Government must act to support and protect supply teachers

11 Sep 2020, 15:25

Supply teaching is precarious – and costly – at the best of times. These teachers need solutions to see them through Covid and beyond, writes Patrick Roach

The NASUWT recognises the vital work carried out by our committed and dedicated supply teachers during the Coronavirus pandemic.

Supply teachers make a really valuable contribution to pupils’ education and schools need to be confident they can call upon an available pool of supply teachers as they seek to maintain provision throughout the crisis and beyond.

But the NASUWT is deeply concerned that the current system is failing to support teachers or to benefit children, young people and schools.

We know that supply teachers often have no choice but to obtain work via different supply agencies, leaving them vulnerable to the vagaries of precarious, intermittent and insecure employment.

In the past, schools engaged supply teachers directly or accessed them from local-authority supply pools. Private supply agencies existed at the margins, but not to the extent they do now.

We have evidence of fees to the value of £10,000 to release a teacher

The NASUWT’s annual survey of supply teachers has found that the overwhelming majority reported that private supply agencies were the only way they could obtain work. The amount spent by maintained schools on supply teachers for 2018/19 was in excess of £550 million.

Of this, in excess of three-quarters (77 per cent, or £425 million) was spent sourcing supply teachers from employment agencies. The figure for academy schools for the period 2018-19 was in excess of £199 million.

Schools are charged up to a 40 per cent commission fee which goes direct to the agency. This equates to a spend of over £170 million for local authority maintained schools and over £34.5 million for academies.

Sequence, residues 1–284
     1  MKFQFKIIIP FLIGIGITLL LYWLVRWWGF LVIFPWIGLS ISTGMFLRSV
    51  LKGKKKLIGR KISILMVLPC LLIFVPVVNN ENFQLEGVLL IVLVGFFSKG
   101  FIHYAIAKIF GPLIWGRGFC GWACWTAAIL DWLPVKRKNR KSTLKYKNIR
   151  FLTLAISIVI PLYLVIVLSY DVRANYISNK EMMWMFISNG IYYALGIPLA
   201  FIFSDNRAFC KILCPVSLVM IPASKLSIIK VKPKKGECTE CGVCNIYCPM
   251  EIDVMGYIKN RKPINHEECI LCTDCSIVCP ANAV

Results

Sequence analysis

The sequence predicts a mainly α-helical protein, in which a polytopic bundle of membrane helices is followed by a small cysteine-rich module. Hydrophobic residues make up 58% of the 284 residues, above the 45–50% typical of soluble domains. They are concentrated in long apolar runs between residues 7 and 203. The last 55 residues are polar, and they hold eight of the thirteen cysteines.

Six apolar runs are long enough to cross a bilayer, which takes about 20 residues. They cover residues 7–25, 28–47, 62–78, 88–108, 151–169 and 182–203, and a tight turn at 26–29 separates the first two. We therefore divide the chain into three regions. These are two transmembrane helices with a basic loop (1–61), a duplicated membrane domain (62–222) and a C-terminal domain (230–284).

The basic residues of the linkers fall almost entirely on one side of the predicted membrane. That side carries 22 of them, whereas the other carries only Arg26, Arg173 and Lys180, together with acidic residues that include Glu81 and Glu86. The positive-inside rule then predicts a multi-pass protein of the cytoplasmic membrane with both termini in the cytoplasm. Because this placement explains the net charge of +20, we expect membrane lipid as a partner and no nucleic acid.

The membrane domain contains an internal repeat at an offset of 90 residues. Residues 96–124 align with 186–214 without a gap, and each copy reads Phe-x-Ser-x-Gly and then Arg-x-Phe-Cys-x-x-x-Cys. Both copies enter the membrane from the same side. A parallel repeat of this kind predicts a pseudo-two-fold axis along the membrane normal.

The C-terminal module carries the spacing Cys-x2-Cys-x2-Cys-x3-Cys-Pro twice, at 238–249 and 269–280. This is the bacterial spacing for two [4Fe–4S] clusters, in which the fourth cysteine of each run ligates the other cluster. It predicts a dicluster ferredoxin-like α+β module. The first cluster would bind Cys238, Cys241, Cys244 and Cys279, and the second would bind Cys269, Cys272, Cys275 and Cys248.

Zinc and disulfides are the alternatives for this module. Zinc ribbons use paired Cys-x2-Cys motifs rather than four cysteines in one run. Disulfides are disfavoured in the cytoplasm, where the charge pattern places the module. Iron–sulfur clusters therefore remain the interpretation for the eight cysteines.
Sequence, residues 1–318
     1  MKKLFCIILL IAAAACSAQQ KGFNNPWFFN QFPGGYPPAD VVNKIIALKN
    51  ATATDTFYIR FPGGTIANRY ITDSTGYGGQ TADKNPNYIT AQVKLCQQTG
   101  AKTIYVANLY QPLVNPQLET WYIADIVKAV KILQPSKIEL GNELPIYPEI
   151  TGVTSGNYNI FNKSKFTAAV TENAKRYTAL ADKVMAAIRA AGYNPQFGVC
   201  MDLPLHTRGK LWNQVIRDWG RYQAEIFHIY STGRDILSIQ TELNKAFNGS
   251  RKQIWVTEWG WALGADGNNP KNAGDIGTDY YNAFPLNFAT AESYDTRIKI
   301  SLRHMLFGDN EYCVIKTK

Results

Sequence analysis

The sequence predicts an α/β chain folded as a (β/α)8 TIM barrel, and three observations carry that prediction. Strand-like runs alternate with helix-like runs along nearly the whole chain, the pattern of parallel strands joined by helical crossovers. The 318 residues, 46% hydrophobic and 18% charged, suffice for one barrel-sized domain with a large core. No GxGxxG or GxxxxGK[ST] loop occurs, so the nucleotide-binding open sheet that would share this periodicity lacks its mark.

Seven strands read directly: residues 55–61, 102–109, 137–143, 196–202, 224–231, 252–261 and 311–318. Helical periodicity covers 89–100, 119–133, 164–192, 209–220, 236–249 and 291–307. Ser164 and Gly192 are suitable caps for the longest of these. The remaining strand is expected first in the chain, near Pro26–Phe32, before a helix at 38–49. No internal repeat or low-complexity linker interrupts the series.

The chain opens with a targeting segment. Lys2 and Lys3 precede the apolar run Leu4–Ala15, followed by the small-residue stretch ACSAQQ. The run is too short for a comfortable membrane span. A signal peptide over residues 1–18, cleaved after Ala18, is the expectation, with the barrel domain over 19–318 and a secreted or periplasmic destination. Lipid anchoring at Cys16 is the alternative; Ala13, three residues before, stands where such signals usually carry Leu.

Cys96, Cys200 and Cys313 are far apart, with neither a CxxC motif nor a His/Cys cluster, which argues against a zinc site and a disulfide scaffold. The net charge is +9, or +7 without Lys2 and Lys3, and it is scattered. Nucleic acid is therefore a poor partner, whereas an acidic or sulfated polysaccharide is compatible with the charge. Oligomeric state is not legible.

Many agencies also charge finder’s fees to schools, which restrict access to employment for teachers who may be able to take up permanent or temporary job opportunities in schools. We have evidence of fees to the value of £10,000 being charged to release a teacher.

On top of this, supply teachers employed through agencies are also currently unable to be active members of the Teachers’ Pension Scheme (TPS). There is a strong argument that supply teachers, working alongside other employed teachers, should be afforded the right to access the Teachers’ Pension Scheme.

Supply teachers are also facing added financial uncertainty as a result of the implementation of Government guidance to mitigate the risk of Covid-19 transmission.

We have spoken to many teachers who tell us that because of the Government’s guidance, they can’t get opportunities to work as schools are expected to minimise social contacts through the use of bubbles.

Many supply teachers were denied access to the Government’s furlough scheme and in some cases, teachers working through umbrella companies were furloughed at 80 per cent of the National Minimum Wage.

Coupled with the decision to end the Coronavirus Job Retention Fund in October, this is set to leave many more supply teachers facing financial misery this term, and this may well force many teachers to seek work outside of teaching and education.

The Government needs to intervene to extend the provision of financial support for supply teachers at this time.

The NASUWT has called on the Education Secretary, Gavin Williamson to prioritise additional job protection funding for supply teachers who can’t get work as a result of government guidance on Covid-19.

For the longer term, it’s also important that the government delivers fairness for supply teachers, with professional pay levels for a start, and incentivising schools and academies to move towards their own directly employed or pooled arrangements for sourcing supply teachers.

Your thoughts

Leave a Reply

Your email address will not be published.


  1. Anne Ruth Turner